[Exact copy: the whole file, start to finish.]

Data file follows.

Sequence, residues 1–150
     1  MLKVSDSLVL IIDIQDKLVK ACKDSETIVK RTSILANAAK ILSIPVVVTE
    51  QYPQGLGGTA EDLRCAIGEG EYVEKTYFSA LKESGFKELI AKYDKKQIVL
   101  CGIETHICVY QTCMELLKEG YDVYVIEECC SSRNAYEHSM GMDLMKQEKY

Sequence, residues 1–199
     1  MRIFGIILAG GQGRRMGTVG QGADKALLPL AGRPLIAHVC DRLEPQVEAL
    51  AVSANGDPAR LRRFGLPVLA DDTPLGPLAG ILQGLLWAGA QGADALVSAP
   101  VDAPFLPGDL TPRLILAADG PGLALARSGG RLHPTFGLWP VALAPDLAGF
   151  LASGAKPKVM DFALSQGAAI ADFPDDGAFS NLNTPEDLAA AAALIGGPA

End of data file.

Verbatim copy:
Sequence, residues 1–150
     1  MLKVSDSLVL IIDIQDKLVK ACKDSETIVK RTSILANAAK ILSIPVVVTE
    51  QYPQGLGGTA EDLRCAIGEG EYVEKTYFSA LKESGFKELI AKYDKKQIVL
   101  CGIETHICVY QTCMELLKEG YDVYVIEECC SSRNAYEHSM GMDLMKQEKY

Sequence, residues 1–199
     1  MRIFGIILAG GQGRRMGTVG QGADKALLPL AGRPLIAHVC DRLEPQVEAL
    51  AVSANGDPAR LRRFGLPVLA DDTPLGPLAG ILQGLLWAGA QGADALVSAP
   101  VDAPFLPGDL TPRLILAADG PGLALARSGG RLHPTFGLWP VALAPDLAGF
   151  LASGAKPKVM DFALSQGAAI ADFPDDGAFS NLNTPEDLAA AAALIGGPA